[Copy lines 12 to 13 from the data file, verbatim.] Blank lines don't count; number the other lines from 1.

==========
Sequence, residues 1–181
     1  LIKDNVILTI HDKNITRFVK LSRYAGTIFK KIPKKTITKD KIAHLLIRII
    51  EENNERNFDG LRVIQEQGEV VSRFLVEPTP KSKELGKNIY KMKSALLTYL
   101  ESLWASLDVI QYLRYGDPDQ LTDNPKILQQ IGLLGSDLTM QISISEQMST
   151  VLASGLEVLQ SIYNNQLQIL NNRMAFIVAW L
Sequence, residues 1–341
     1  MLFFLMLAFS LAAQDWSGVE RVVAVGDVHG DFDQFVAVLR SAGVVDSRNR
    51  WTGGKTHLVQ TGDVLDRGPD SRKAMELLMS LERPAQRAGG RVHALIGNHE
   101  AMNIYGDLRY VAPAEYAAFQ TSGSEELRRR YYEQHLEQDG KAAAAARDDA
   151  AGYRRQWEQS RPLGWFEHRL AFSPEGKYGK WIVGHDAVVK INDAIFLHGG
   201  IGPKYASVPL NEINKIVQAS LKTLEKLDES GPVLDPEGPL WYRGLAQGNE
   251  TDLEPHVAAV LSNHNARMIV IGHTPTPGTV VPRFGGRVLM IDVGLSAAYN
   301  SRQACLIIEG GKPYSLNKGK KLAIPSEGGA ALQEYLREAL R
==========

   251  TDLEPHVAAV LSNHNARMIV IGHTPTPGTV VPRFGGRVLM IDVGLSAAYN
   301  SRQACLIIEG GKPYSLNKGK KLAIPSEGGA ALQEYLREAL R